Postal labor negotiations continue: Despite twitter and blog rumors over the weekend, the U.S. Postal Service and American Postal Workers Union have yet to reach a deal on a new long-term labor agreement. “We feel that it is in everyone’s best interest to keep negotiations at the table rather that through the media,” USPS spokesman Mark Saunders said in an e-mail Sunday. “We have nothing to announce at this time, but be assured that we will update you as soon as we have something to announce.”

Cabinet and Staff News: President Obama and Mitch Daniels score laughs at the annual Gridiron Dinner. Obama is also pushing for an overhaul of “No Child Left Behind.” Secretary of State Hillary Rodham Clinton heads to the turbulent Middle East while her spokesman P.J. Crowley resigns over comments he made about the military’s treatment of alleged Wikileaks leader Bradley Manning. The Supreme Court is siding more often with workers and underdogs. Former labor secretary Robert Reich is still considered about the American workforce. EPA Administrator Lisa Jackson perpetually on the Capitol Hill hotseat.

DEFENSE DEPARTMENT:

U.S. military, aid teams headed for Japan: Navy ships, Marine forces and non-governmental relief teams are being dispatched to provide humanitarian assistance and to search for survivors.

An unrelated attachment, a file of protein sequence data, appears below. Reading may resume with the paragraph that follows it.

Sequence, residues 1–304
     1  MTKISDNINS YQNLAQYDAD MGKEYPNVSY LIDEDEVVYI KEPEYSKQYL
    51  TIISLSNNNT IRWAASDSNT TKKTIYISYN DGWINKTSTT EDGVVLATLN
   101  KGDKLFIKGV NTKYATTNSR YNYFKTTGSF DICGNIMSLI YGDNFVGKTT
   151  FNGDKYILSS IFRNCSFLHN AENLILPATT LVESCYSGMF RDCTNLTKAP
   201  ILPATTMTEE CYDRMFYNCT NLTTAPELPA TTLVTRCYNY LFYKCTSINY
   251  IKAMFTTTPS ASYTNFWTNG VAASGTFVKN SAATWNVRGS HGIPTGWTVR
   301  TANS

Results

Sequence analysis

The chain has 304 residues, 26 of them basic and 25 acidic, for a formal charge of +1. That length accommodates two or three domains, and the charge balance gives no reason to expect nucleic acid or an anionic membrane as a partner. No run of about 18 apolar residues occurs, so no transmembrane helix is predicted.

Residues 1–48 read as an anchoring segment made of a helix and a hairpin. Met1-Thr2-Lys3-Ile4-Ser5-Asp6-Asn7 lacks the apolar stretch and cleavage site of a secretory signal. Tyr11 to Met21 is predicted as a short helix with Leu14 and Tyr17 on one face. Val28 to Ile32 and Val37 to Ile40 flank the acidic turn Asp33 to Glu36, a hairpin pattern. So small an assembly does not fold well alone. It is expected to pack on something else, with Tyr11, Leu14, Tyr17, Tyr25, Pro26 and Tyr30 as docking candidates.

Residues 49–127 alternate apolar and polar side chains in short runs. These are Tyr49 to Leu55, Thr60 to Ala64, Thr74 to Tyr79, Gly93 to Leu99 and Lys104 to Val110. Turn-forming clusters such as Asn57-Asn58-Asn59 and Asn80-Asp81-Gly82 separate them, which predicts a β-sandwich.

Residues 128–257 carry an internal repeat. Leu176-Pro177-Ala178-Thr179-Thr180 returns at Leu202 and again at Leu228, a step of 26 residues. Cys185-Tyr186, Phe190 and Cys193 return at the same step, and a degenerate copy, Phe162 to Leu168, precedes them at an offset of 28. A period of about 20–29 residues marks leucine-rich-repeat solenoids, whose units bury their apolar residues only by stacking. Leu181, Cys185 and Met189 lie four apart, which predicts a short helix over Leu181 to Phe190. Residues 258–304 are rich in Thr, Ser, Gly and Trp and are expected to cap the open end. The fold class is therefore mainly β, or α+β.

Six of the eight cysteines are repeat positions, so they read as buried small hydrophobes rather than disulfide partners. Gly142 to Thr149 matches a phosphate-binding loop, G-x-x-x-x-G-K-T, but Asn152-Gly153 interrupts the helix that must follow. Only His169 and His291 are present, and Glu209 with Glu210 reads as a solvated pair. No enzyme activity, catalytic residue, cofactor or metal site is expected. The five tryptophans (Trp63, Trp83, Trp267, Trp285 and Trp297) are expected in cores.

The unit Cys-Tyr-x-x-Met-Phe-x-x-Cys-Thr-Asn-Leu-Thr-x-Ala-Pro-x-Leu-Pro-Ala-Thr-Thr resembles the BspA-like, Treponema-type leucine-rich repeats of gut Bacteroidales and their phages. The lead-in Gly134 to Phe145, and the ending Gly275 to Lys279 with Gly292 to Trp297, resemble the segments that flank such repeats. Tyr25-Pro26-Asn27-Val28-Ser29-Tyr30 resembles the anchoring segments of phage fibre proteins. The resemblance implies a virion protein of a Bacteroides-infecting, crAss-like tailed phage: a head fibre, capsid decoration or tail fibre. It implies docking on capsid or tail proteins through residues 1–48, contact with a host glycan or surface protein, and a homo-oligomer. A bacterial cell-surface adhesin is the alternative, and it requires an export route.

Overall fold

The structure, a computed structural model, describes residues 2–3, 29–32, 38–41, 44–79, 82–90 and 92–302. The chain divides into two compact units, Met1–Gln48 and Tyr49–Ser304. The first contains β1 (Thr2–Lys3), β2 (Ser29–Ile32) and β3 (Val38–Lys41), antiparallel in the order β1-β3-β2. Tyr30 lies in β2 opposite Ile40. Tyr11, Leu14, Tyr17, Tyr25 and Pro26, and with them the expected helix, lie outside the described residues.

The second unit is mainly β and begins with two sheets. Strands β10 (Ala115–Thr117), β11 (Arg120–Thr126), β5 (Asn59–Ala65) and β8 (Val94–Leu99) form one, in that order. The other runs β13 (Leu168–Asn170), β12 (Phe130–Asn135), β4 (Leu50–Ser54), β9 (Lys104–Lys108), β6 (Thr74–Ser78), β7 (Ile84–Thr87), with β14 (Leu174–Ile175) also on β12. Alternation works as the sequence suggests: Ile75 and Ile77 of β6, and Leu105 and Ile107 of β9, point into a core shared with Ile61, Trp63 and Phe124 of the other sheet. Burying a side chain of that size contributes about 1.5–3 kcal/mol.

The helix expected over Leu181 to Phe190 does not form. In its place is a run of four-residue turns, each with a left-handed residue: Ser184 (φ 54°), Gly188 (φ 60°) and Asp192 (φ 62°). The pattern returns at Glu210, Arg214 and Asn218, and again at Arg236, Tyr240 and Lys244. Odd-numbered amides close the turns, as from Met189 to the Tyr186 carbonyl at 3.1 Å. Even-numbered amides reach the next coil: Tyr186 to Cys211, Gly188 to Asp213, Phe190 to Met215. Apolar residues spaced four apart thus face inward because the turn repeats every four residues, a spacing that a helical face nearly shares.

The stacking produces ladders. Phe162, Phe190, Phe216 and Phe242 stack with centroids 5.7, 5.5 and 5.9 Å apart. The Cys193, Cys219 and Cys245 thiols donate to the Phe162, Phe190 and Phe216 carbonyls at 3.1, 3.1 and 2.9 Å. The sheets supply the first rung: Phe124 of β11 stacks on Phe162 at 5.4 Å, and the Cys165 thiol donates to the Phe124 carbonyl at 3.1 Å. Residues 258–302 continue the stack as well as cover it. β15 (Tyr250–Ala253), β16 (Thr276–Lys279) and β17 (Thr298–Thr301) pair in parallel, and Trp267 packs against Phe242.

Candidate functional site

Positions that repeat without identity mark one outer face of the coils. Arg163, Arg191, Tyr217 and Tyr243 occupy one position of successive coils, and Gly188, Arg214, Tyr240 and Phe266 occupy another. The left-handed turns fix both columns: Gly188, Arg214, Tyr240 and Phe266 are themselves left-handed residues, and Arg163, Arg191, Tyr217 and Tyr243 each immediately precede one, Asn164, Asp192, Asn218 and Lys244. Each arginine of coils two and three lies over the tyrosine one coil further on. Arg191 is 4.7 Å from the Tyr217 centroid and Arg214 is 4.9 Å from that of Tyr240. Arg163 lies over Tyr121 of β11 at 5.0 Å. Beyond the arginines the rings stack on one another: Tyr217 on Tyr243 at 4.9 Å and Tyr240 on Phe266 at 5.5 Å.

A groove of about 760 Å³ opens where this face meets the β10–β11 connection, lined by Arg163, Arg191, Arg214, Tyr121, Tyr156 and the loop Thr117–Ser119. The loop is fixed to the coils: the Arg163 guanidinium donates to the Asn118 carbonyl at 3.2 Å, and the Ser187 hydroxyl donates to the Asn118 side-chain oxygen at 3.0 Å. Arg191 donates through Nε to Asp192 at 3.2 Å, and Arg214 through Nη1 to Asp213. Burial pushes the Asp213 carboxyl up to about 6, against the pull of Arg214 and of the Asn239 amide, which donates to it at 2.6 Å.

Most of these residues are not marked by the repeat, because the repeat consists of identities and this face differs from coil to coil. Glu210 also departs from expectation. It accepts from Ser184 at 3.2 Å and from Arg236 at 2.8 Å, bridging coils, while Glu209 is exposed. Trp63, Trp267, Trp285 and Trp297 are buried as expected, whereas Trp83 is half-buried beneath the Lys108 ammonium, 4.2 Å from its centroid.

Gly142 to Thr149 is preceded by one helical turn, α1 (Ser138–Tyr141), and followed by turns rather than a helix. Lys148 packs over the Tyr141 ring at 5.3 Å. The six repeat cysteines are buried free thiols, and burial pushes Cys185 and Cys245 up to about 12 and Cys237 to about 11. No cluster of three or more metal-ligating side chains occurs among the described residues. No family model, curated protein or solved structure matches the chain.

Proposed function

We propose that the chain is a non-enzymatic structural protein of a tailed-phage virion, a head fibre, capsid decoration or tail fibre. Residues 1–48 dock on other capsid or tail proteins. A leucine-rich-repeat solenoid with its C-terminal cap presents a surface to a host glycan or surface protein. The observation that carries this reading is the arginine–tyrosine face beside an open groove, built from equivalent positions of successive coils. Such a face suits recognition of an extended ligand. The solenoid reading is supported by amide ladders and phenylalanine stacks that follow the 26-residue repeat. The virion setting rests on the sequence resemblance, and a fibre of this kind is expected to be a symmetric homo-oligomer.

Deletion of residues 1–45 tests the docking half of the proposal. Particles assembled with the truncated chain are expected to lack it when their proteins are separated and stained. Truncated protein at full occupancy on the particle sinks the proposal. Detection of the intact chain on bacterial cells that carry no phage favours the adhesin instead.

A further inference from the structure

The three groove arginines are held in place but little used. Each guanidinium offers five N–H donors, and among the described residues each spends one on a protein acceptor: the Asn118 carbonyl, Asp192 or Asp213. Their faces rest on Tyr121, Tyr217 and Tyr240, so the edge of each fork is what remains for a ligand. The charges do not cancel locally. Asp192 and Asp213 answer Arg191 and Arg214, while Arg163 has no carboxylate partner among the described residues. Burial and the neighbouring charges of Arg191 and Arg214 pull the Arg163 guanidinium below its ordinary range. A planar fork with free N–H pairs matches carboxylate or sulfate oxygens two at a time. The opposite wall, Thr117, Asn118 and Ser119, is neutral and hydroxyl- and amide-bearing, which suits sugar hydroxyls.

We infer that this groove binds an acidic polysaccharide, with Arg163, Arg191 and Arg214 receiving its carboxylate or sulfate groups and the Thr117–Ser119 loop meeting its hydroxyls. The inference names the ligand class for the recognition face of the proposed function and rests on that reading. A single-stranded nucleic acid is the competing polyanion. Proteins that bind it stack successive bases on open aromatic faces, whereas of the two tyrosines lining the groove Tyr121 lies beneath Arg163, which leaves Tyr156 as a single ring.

Ex-Blackwater contractors found guilty in Afghan’s death: A federal jury found Justin H. Cannon of Corpus Christi, Texas, and Christopher Drotleff of Virginia Beach not guilty of murder and weapons charges on Friday that could have resulted in life sentences.

Defense shutdown plans outlined in draft memo: The 13-page memo lists specific divisions and activities that would be exempt from a government work stoppage caused by a failure by Congress to pass a 2011 budget bill or a continuing resolution.

GOVERNMENT WORK/LIFE/OPERATIONS:

Government uses new and old media to get its message out after Japan disaster: It’s using conference calls, Twitter feeds and blogs to disseminate information related to Friday’s earthquake.

NHTSA:

Federal car seat tests fall behind, partly because crash dummies don’t measure up: Parents who think their children’s car seats and belt-positioning boosters are fully covered by federal safety standards are assuming too much.

NOAA:

• In tsunami’s wake, Dems pounce on GOP’s call for NOAA cuts: House Republicans in February approved a continuing budget resolution that included a $410 million budget cut for the Commerce Department agency that runs the National Weather Service.

STATE DEPARTMENT:

Maryland contractor Alan Gross draws 15-year sentence in Cuba: Alan Gross, 61, a subcontractor on a U.S. Agency for International Development program, was found guilty of working on a “subversive” U.S.-sponsored project aimed at undermining Cuba’s communist system.

TSA:

TSA to retest X-ray scanners emitting ionizing radiation: The agency is retesting every full-body X-ray scanner that emits ionizing radiation — 247 machines at 38 airports — after maintenance records on some of the devices showed radiation levels 10 times higher than expected.

Follow The Federal Eye on Twitter | Submit your news tips here

By  |  07:18 AM ET, 03/14/2011

Categories:  Eye Opener

 
Read what others are saying
     

    © 2011 The Washington Post Company